Sujana Acharya came to Greece determined to prove that being a foreigner and a woman doesn't necessarily mean you have to live on the fringes of society. Today she has the most successful restaurants in the city.
I was born in Nepal, in the village of Dolakha built at an altitude of 4,200 meters, inhabited by 3,080 people. I grew up there until I was ten years old and then we went to Kathmandu, the capital, where my father worked. Although there were four children in the family, three girls and one boy, we had a great time and we all finished university. I studied Business Administration, did my Master's and after finishing my studies I worked for two years in a bank in Nepal. I always wanted to be a banker, that was my dream since I was a little girl.
Marriage With Santosh
Santosh (Acharya), my husband, and I met at a wedding in Kathmandu and it was literally love at first sight. He was already living in Greece, he had come to study and stayed. He was working in the IT field in Athens when I met him, we got married and that's how I came here. From the beginning, I wanted to do something of my own to have a job. My husband worked all day in the companies and I was at home for three years.
Five Years In Athens
I have been in Athens for five years and I have two children ‒ the everyday life of a mother is a heavy full-time schedule, as pleasant as it is. The restaurant is for me a creative job and a way to prove that everything is possible with will and patience.
Having a 'boy' is an issue of huge importance in Nepal. All families want a boy, so my parents couldn't be different, they had three girls and then a boy. I am the second daughter. In Asian countries like India and Nepal couples continue to have children until they have a boy. When the son comes, they stop having children. That was one reason I wanted to do something of my own, to prove to my parents that a woman can also do something in her life if given the chance. I am lucky because I have a supportive husband and I have organized my day so that I can cope with my duties as a mother and as an entrepreneur.
I try to look at life positively. With Santosh, we strive to realize our dreams and create a better tomorrow for our children. From the beginning of our acquaintance, we had a common line, which we continue to follow together, side by side. Santosh and I, set up the first restaurant in Acropolis, Namaste, with a partner, then we opened Kathmandu Express in Plaka with Nepali food, and then NaanStop in Ambelokipi and finally Indian Gate in Marousi. Because this went very well, there were proposals for franchises in Patras and Thessaloniki. We are the only Indian restaurant with a presence in all three major cities of Greece. I opened Naan Stop in 2019, wanting to dispel the perception that Indian food is hot and one-dimensional.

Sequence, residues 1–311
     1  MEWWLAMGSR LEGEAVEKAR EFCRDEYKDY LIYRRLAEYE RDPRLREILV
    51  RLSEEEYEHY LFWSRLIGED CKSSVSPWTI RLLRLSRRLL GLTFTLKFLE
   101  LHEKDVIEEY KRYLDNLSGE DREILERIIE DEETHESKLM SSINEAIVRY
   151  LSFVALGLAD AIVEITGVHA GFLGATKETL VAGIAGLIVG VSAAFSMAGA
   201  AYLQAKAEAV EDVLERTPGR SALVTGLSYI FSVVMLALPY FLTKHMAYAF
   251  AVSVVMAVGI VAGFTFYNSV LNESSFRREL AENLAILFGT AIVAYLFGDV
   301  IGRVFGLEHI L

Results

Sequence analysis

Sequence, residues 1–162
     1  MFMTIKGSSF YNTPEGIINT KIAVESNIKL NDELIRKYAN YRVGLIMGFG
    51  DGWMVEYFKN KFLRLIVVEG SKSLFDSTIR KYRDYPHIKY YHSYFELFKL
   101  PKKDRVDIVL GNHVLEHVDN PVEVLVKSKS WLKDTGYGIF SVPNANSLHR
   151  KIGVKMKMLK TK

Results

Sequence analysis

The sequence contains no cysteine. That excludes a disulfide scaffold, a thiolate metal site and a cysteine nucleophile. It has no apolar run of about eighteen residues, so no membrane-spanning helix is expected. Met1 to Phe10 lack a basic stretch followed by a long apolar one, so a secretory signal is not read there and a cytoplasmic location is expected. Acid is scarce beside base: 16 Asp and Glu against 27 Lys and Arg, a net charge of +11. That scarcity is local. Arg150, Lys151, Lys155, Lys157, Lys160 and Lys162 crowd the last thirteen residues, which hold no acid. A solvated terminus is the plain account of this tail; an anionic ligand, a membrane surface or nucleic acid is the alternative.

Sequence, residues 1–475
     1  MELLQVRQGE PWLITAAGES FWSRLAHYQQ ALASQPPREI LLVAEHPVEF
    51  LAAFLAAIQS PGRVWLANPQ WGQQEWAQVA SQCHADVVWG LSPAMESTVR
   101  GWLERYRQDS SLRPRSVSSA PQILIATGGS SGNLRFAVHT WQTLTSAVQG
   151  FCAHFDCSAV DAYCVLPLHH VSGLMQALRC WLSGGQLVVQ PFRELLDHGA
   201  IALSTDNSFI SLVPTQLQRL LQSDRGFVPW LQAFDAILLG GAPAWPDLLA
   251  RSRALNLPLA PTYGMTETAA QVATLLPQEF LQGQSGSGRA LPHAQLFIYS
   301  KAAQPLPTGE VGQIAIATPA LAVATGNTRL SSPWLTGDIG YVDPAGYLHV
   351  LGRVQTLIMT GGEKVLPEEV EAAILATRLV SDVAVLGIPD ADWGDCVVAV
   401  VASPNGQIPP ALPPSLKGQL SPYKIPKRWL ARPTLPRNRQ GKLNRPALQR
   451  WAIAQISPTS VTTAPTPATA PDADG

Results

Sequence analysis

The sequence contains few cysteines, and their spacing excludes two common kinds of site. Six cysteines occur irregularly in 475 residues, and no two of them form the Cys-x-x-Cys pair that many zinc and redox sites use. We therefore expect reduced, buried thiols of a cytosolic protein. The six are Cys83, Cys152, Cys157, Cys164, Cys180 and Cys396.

I wanted to offer a culinary experience that could awaken all five senses. I am happy because for the first time a woman has managed to open an Indian restaurant in Greece. I hope that I can set an example and that others will follow, because it is very difficult for a foreigner to take the risk of opening a shop outside her country I have been cooking since I was little, and I think I cook well, so I wanted to work with the food of my country, to learn it from the Greeks. I had thought of doing a beauty shop, but the food is much more creative and human, it also awakens memories that can make it a very powerful experience. At home, I make Nepali food, and sometimes Indian food. The arugula and mango salad that we serve at the restaurant is one of my favorite dishes, the kulfi, the mango or pistachio ice cream, and the Nepali dumplings, are all dishes that I also make at home.
Nepalese Cuisine And Indian Cuisine
There are no big differences between Nepalese cuisine and Indian cuisine, the food is almost the same; Nepalese is a little lighter in spices and made with less oil. Nepalese cuisine is known for its taste and aromas, but mainly for its spices. The complex combination of spices and herbs, as well as her colorful dishes, make her stand out. Every cuisine has its history and flavors, but in Indian cuisine, you are overwhelmed by the strong smell of spices, such as chili, curry, garlic and cumin, which take you on a journey to every corner of Nepal.
The dishes we serve are mostly Nepalese and north Indian. We offer a dish from the distant Himalayas that no other restaurant provides, Everest Khasi Gravy. It is lamb meat cooked in a slightly spicy sauce with ginger, coriander and red spices (eg paprika). Distinguished and experienced chefs Rajesh Ojha, Ramu Neupane and Raaj Poon have been the cornerstone of my restaurant.
Translated From Greek News Paper HKAOHMEPINH